Python and React are a pairing that seems to be gaining in popularity. If you enjoy both, check out IDOM, a library that lets you build React-like components with Python. To quote author Ryan Morshead: “IDOM is a new declarative Python package for building highly interactive user interfaces.”
This is the second ‘best practices’ post I’ve shared in the past few issues. It feels like the community is starting to coalesce around some shared best practices for the functional version of React we find ourselves using in 2021. Check out this impactful list of ideas from Michiel Mulders.
From developer Angelo Verlain come explosiv, a static site generator that supports JSX. If you enjoy the declarative, component-based development experience and want the benefits of a static site generator, give explosiv a try.
New to React? This Reddit r/reactjs thread from u/hogstfelttf helps sort through the myriad questions beginner programmers and React users often ask. Read it to get quickly up to speed on the ideas and resources filling the beginner space.
Worth celebrating: this tweet from Paul Henschel noting that React has crossed 10 million installs per week. React continues to be a technology worth investing in. Paul says: “Crazy how all it took was a really good idea to unite the dev world.”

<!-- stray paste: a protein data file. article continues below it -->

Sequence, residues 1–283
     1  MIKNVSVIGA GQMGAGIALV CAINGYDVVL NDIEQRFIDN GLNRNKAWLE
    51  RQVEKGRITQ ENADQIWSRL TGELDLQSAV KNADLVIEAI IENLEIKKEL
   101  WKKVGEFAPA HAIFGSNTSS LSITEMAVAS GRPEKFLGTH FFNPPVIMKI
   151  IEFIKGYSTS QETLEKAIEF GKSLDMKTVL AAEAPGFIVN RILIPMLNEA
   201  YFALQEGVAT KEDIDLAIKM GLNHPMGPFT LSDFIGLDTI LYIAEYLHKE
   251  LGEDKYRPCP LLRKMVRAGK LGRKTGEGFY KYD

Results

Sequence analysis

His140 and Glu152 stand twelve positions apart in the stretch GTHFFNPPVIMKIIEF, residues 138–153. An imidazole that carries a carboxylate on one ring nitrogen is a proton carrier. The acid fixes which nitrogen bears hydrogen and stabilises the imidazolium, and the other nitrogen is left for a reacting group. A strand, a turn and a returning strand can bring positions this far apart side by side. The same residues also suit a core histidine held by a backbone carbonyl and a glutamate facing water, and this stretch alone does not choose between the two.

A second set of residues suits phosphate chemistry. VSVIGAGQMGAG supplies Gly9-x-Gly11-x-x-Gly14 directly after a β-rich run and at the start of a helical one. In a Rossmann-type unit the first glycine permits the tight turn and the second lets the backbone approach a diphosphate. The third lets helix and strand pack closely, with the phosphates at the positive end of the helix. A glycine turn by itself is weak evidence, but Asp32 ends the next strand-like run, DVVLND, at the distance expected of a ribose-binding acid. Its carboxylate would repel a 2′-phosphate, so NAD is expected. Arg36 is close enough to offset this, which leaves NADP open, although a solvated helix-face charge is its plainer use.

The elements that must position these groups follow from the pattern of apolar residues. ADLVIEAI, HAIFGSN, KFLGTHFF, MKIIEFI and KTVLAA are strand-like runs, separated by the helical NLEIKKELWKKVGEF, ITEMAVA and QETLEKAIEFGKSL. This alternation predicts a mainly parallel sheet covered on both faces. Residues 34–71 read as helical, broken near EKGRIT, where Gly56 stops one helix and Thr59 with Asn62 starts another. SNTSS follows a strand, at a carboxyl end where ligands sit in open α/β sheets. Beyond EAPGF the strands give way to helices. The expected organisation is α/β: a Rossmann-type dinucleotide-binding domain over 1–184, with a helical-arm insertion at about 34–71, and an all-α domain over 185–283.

Interfaces vs. Types is a TypeScript conundrum that probably doesn’t deserve the frustration it causes. Harry Wolff breaks it down in this short video. His conclusion: the choice doesn’t really matter, and you should probably use Interfaces.
I’ve been revisiting the first few pages of React’s docs this year; here’s the overview of how React renders elements. Building up a mental model for these foundational details has helped me understand and debug React code. I like this quote: “React DOM compares the element and its children to the previous one, and only applies the DOM updates necessary to bring the DOM to the desired state.”
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